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Why Unrelated Diseases Follow the Same Incubation Pattern: Lessons from Evolutionary Dynamics, Statistics

02/22/2018

When graphed, the incubation periods of many diseases, ranging from polio to measles to leukemia, have the same shape; they are skewed to the right. This means that when incubation periods, or time from pathogen exposure to symptomatic illness, and number of new disease cases in a population are plotted on the x- and y-axes, respectively, the peak of the curve falls on the left side of the graph, with a long tail on the right.

Why do so many unrelated conditions follow this same predictable pattern? Researchers have long accepted that the heterogeneity of the host, pathogen or dose is behind the ubiquity. Conventional wisdom says that if these things were homogeneous, incubation periods would be identical for every disease. Collaborative research out of Cornell University and Cleveland Clinic, published in eLife, offers a new explanation for this phenomenon, which allows for, but does not rely on, heterogeneity.

Jacob Scott, MD, Cleveland Clinic Departments of Translational Hematology and Oncology Research and Radiation Oncology, and Bertrand Ottino-Loffler, PhD, and Steven Strogatz, PhD, Cornell University Center for Applied Mathematics, developed a new mathematical model, based in evolutionary graph theory, which can better predict and explain the distribution of incubation periods without requiring host or disease heterogeneity. At the heart of the model are two mechanisms of randomness well-associated with probability theory: the "coupon collector" and "random walk." How fit an invader is—that is, how likely a pathogen is to overtake a neighboring healthy cell—determines which mechanism accounts for the right-skewed distribution.

If a pathogen is very fit, the process of incubation will follow the "coupon collector" pattern. In this scenario, disease incubation is like blindly drawing marbles from a bag with replacement, where pathogenic cells are red marbles and healthy cells are blue marbles. If you start with one red marble and many blue marbles in the bag—a single pathogenic cell amongst a population of healthy cells—probability dictates that almost every early draw will be a blue marble. As you draw more and more blue marbles, and subsequently replace them with red—which represents pathogens invading and taking over healthy cells—it will take longer to randomly draw the few blue marbles that remain. This eventual slowdown in conversion from healthy to diseased cells explains why graphs of incubation periods typically peak early and have long tails on the right.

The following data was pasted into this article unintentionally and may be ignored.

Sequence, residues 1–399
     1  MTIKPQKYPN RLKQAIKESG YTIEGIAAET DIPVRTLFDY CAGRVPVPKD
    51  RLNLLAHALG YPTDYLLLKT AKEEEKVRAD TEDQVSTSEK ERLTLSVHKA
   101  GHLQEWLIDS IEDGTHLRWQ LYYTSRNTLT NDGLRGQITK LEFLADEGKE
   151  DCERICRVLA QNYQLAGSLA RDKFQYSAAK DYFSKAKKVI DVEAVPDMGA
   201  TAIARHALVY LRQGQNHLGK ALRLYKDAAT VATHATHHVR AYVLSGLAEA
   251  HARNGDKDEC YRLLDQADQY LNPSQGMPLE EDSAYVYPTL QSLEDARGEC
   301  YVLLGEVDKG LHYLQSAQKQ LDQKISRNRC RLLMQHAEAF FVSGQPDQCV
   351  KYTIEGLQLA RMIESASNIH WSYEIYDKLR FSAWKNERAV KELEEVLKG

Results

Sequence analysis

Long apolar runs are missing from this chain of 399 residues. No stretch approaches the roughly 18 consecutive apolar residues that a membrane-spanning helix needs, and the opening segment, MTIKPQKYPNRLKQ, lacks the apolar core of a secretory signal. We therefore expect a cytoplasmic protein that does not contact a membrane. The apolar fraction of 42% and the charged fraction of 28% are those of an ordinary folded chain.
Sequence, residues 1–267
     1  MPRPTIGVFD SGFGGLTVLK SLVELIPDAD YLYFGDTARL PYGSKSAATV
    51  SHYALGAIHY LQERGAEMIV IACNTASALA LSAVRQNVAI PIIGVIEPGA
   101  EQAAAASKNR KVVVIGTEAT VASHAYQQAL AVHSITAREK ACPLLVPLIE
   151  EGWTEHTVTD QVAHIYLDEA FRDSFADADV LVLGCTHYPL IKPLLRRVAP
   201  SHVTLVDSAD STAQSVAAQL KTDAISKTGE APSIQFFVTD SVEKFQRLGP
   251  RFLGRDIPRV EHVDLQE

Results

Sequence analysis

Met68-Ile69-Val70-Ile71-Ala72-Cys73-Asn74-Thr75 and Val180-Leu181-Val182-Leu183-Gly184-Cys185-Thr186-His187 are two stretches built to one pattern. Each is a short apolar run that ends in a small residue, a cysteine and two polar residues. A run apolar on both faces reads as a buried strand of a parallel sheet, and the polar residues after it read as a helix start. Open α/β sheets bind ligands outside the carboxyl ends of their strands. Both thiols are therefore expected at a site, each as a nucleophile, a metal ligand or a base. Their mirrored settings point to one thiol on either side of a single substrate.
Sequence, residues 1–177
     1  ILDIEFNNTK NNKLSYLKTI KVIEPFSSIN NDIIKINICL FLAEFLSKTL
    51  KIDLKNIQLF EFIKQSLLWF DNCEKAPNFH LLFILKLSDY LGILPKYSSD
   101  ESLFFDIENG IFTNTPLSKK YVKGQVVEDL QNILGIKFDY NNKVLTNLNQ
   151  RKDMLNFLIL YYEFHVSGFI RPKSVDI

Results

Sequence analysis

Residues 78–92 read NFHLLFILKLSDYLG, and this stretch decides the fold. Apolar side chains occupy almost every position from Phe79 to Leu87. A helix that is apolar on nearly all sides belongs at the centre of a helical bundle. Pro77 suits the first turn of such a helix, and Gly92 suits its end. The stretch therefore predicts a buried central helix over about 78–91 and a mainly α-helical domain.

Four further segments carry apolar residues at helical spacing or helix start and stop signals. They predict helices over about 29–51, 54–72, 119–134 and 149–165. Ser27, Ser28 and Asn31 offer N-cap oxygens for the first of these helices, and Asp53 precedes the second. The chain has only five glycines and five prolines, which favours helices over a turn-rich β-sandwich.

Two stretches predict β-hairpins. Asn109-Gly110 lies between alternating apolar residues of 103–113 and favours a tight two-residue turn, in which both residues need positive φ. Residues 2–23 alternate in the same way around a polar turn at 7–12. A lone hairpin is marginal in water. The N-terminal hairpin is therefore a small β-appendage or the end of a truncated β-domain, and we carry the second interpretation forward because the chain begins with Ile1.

If a pathogen is only neutrally fit—meaning a pathogen has little to no selective advantage, and is as likely to outcompete a healthy cell as it is not—the process of incubation will likely follow the "random walk" pattern. Think of this scenario as a map, where introduction of the first pathogenic cell into a healthy population is "point A" and full symptom manifestation, or pathogen takeover, is "point B." There are a limited number of ways to walk from point A to point B quickly, but many possible long and roundabout ways. The probability that a pathogen will choose one path over another depends on its competitive advantage. One of these long, roundabout paths becomes more probable under neutral fitness, offering another explanation for why graphs of incubation periods follow a right-skewed distribution.

This new model may have important implications for the fields of epidemiology, evolutionary biology and cancer research because, unlike the previously accepted hypothesis, it holds true for both heterogeneous and homogeneous populations of pathogens and hosts. It is important to note, however, that this model is only hypothesized to explain the network and invasion dynamics of cancer cells and bacteria; additional research is necessary to determine whether the model applies to viruses, too.

 



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